> > sin. Adam's offense is our offence. Adam's disobedience is our
      > > disobedience. None of these things are stated or necessarily
      > > When he says "because all sinned" this is open to numerous
      > > the federal view being one of them. It could just be that we
      inhereted a
      > > nature that is bad, kind of like a moral disease. We get a bad set
      > > dispositions that are themselves bad. It could also be a statement
      > > fact--everyone sinned after the fall because they got a bad nature
      > > Adam's misdeeds. A third possibility: the "all" that sinned
      referred to all
      > > those who were presently living (i.e. Adam and Eve), and being their
      > > offspring, we inherited their bad nature. But any notion of
      > > representation, federal headship, etc. is a theoretical addition--a
      > > philosophical inference (what you call putting 2 and 2
      together)--that isn't
      > > in the text.
      > >
      > > And I should also note that, even if the federal view is right, it's
      > > completely fair question to ask for an explanation of how this moral
      > > arrangement can square with our standard moral practice. From my
      > > reading on this issue, it's become clear that there is really no
      > > amongst the Reformed Community (whatever exactly that refers to) as
      to how
      > > to solve this problem. You don't find much of an agreement in guys
      > > Edwards, Dabney, Turretin, Hodge, and Thornwell, nor in ancients
      > > Augustine, Anselm, and Aquinas.
      > >
      > > Kind regards,
      > > Ben
      > >
      > >
      > >
    • puritanone
      ... I reject that imputation and inheritance are foreign to our normal experience and practice. Actually, it is quite common in the parent-child relationship,
      Message 34 of 34 , Jul 6, 2009
        > 2. I posed objection two as a difficulty in squaring the whole idea of
        > imputation with how we typically understand justice. My argument was that
        > we normally don't work things like that in our everyday holdings of people
        > morally responsible. I mean how often do we allow a deal people made
        > thousands of years ago to affect our moral standing with another party? How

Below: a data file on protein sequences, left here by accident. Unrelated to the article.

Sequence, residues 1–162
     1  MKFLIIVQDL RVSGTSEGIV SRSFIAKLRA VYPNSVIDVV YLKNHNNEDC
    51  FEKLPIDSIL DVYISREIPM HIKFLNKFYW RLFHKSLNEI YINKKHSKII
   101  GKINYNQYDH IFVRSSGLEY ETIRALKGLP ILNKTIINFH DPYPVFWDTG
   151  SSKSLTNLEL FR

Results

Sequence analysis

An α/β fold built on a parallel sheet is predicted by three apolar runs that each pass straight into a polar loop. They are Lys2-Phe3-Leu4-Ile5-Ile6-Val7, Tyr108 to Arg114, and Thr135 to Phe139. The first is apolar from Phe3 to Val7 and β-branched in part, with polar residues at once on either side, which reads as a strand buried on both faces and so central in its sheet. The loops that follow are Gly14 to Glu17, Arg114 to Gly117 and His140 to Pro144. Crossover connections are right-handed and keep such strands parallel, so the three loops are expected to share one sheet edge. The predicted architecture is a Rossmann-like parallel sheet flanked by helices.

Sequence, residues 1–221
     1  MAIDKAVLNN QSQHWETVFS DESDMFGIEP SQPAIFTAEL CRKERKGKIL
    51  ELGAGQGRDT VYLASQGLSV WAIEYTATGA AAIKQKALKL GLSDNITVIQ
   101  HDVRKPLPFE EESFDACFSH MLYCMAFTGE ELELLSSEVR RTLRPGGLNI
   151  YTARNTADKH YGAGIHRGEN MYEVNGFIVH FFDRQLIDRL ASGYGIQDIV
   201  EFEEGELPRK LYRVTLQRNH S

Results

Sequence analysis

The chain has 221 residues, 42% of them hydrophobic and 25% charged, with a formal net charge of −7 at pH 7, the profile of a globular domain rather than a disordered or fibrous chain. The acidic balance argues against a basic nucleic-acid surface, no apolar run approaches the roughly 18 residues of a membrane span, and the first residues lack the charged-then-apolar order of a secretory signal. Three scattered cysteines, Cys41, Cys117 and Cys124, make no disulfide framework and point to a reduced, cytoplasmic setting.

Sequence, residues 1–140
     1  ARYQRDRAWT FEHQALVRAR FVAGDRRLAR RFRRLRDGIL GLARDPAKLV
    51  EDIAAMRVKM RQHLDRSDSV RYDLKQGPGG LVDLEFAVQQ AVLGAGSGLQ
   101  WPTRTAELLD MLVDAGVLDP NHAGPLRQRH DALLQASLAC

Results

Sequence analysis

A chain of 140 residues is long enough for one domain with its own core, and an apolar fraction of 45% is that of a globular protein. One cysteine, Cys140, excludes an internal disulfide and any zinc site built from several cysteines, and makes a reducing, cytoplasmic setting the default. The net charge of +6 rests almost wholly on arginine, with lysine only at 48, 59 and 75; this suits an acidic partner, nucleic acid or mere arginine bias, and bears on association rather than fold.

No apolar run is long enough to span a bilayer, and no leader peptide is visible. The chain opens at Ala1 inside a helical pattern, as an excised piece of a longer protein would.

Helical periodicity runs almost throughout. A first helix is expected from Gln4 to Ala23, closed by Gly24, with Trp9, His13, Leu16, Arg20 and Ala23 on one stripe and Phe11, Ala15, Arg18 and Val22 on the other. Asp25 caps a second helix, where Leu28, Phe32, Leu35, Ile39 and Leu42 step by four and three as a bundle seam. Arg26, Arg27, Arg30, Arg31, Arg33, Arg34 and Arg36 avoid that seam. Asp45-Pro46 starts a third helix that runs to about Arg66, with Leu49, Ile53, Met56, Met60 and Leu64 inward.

> often do we allow it that the good or bad merit of others can be made over
        > to ourselves? How often do we allow an innocent to be executed for the
        > guilty? These are extremely counterintuitive and go directly against almost
        > all of our moral practices, yet they stand at the heart of the Reformed
        > understanding of the Gospel.

        I reject that imputation and inheritance are foreign to our normal experience and practice. Actually, it is quite common in the parent-child relationship, so it should not be at all surprising in the Adam-mankind and Jesus-adopted children relationships.

        Just some examples:

        1. Children who are born to rich parents are born rich; children who are born to poor parents are born poor.

        2. Children who are born to mortal parents will be mortal.

        3. Children often inherit the genetic diseases of their parents. Children of parents with healthy genes inherit those genes.

        4. The children of terrorist parents are more subject to have their house (along with themselves) blown up. (What is it like to be born the child of an Al Qaeda leader? Does the US military really have to wait until the wife and children are out before destroying the house in which a terrorist leader is residing? Do you think that the US military waits until everyone is out except the terrorist leader?)

        5. Rich parents buy their children presents which the children never worked for; penniless parents can buy their children nothing.

        6. Rich parents often open up a bank account for their children and put money in it for the children (a form of imputation), even though the children never earned it. Penniless parents do not do the same.

        7. When a rich couple walks through an orphanage and selects a child, upon adoption that child is immediately rich, even though the child did no more to earn it than the next child that never gets adopted.

        8. Parents are under no moral requirement to lay up money to the children of other parents, but they should lay up for their own children, "for the children ought not to lay up for the parents, but the parents for the children." But their own children did not do some special work to receive this blessing.

        Imputation and inheritance are alive and well in the real world we live and act in. We are very familiar with it in our moral practices. But some people try to suppress the truth in unrighteousness.

        - J. Parnell McCarter